new sensor deployedOctober 3, 2020
We have been working on designing and releasing our next sensor version. This one focuses on using more readily available parts and being more versatile depending on the situation in which it is deployed. To read more about this sensor’s design and some rough steps to create your own, visit our new guide at guide.aquametric.live. Keep […]
methods of measuring velocitySeptember 11, 2020
While stage height can provide useful data to help predict flood events or other localized events, it is sometimes not enough to be able to quantitatively measure how one water body will interact with another. The flow rate can provide this data, but in order to measure it, you need to know a) the cross […]
more robust hardware alternativeSeptember 2, 2020
I’ve been working on an alternative sensor version for areas where natural conditions or people are likely to damage the device. The idea of a fully enclosed PVC sensor design came from my mentor session with Bruce Dominguez. While this design will be harder to install, it will be much more resilient to damage. Currently […]
sensor vandalizedJune 19, 2020
We expected that at some point, someone would want to know about our sensor or want it removed (even though we received permission to mount the sensor), and that is why we provided contact information directly on the device. We did not expect, however, that someone would want to destroy our sensor just for the […]
stream cross sectional analysisMay 22, 2020
Knowing the depth of the water flowing through a stream is great for knowing when it may flood or how the banks may erode over time, but in order to predict how other bodies will interact with a stream, its often useful know the actual volume of water flowing through it. In order to calculate […]
sensor submergedApril 28, 2020
Our sensor mysteriously stopped reporting measurements back to us yesterday around 3 am. The battery and cellular strength all seemed to be acceptable, so we were unsure what had happened to it. The last few readings from the sensor show the stream water level rising rapidly, but nothing that we hadn’t seen before in previous […]
ota updatesApril 24, 2020
The frequent trips to the stream for software updates were starting to get tiring, so we sought to implement OTA updates. We also wanted to be able to change the frequency at which our sensor wakes up and takes a measurement (e.g. hourly, every 15 minutes). The Particle Electron microcontroller we are using supports OTA […]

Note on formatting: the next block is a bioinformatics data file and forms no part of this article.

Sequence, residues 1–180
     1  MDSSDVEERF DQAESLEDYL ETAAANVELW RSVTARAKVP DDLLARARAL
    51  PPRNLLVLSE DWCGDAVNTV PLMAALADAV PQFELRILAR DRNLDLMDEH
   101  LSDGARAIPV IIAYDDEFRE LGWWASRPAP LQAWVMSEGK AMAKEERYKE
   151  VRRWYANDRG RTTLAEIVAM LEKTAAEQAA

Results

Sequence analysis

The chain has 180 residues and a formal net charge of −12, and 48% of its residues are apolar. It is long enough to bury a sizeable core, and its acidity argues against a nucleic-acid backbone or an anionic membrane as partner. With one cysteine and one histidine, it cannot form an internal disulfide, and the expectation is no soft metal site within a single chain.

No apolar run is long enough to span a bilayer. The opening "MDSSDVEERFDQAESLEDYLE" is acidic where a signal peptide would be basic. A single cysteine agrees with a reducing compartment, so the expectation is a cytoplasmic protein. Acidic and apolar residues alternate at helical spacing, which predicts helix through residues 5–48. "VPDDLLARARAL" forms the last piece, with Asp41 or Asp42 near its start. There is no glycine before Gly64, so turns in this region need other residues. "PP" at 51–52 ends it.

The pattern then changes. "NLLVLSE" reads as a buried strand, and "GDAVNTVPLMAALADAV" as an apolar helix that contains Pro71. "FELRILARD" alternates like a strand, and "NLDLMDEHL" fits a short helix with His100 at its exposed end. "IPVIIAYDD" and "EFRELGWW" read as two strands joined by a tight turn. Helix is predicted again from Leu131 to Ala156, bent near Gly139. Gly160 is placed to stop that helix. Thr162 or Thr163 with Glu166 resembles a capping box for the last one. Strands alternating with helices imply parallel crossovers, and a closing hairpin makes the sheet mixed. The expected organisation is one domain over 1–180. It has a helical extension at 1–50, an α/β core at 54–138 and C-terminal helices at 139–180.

quirky sensor dataApril 23, 2020
Recently, we visited the sensor and did some in-field fixes to the thermistor. The temperature now seems to be sending back sensible readings now and we can see the day night cycle in the stream temperature pretty well. Our conductivity sensor, on the other hand, is behaving pretty strangely. It also shows a daily cycle […]
first quality sensor dataApril 13, 2020
After deploying our latest sensor version to a small local river, we were able to collect some usable stage data during a pretty big rainstorm. Within about an hour of the rainstorm starting, the stage began to climb at a pretty staggering rate. During its rise, we were concerned that our sensor would become submerged […]
sensor initial versionsApril 11, 2020
For the first version of our sensor, we focused on developing a device that could take accurate measurements of the water’s stage height. We initially chose an ultrasonic range finder for this purpose. It was oriented towards the water’s surface. By subtracting the measured value from the height at which the sensor was mounted, we […]
This project was developed in collaboration with Ian Vernooy for the 2020 Senior Division GCRSEF. It received the National Grid and Airforce awards.
Find live data from our sensor here: aquametric.menon.pro
Find project updates and logs here: hackaday.io/project/170881
Metrics such as stage height, conductivity, and temperature can provide valuable insight into ecological health and can also serve as predictors for events such as flooding. Traditionally, these metrics are measured either manually by a scientist or by large and expensive permanently installed stations. Unfortunately, human measurement reduces the possible frequency of data collection and traditional sensor stations require lots of infrastructure.
We aimed to address both of these problems by creating a low-cost, distributed IOT sensor network. The stream monitoring system consists of one or more sensing units that communicate over cellular data to a central server. A cellular enabled microcontroller coordinates input from the various sensors. A laser time of flight (ToF) sensor is mounted towards the surface of the water to measure changes in gauge. These components are mounted in a 3D printed, weather-proof case about 30 cm above the highest expected height of the stream. Conductivity and temperature sensors are mounted below the water’s surface.
The sensing unit is designed to use as little power as possible in order to maximize their lifetime. They enter a sleep state for the time between sensor readings and wake once an hour. Then, they connect to a central server via an LTE data connection. The server stores the sensor data in a database and hosts a website to access and analyze historical data.